Down to a Sunless Sea

Mathias B. Freese’s slim collection of short stories, Down to a Sunless Sea, relays the weird, miserable, and even sometimes ghoulish existences of people you might pass on the street everyday. The stories read like psychological case studies, and there’s frequently a strange distance between the clinical detachment of the prose and the depressed or depraved sentiment expressed by the narrator. At times the effect is painful, as in “Herbie,” where the titular protagonist’s rage at his abusive father spills over into Oedipal violence. Elsewhere, the stories take on a wry surrealist humor. Freese’s knack for dissonance evinces in “Juan Peron’s Hands,” where a grave robber pines for a head but settles for hands. Far closer to home is “Young Man,” where Freese distills an entire life to a few bitter pages, exploring the modern disconnect between thought, action and identity.

I can’t be who I am in real life, so I can be who I am in thought, but who I am in thought is not who I am in deed, so I live between what is and what should be, and this serves to make sharper the cleavage–the crevices are clearly marked.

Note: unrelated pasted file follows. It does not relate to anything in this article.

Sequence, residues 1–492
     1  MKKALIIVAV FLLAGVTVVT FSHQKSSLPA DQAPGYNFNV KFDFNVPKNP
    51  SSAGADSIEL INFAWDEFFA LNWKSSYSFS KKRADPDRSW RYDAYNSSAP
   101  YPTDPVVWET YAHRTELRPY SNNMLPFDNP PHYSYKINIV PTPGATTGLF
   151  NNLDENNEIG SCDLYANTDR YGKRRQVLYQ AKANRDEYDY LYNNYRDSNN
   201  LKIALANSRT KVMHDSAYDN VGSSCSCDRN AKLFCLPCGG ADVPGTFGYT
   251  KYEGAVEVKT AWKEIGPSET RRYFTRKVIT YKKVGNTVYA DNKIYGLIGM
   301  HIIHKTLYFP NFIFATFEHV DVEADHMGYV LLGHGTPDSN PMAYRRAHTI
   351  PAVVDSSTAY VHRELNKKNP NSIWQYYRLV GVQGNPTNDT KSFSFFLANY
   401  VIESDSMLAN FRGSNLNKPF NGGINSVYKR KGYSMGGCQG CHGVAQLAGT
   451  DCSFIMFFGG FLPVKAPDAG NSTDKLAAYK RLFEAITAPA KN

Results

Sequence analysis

One of my favorites in the collection, “Arnold Schwarzenegger’s Father Was a Nazi,” disconcertingly (and humorously) condenses American obsession with celebrity into a fantasy ski trip, complete with the oddly sorta-prescient line: “I might even run for president if I can lose this accent” (the story was originally published in 1991). It is probably the deformed voyeur hero of “I’ll Make It, I Think” who delivers the closest thing to a mantra for these characters:

I’m not hurting anyone. So what if my morning shorts are sticky. I’m a good person. The outside, for sure, is a shambles–that’s not completely true, but I’ve made my point. Inside is fucked up some, but I’ll make it, I think.

Down to a Sunless Sea, for all its monsters and perverts and manic depressives, is never cruel in its darkness or unsympathetic in its distance. Freese creates real people here, and if we laugh at their pain, we’re laughing with them. Highly recommended.

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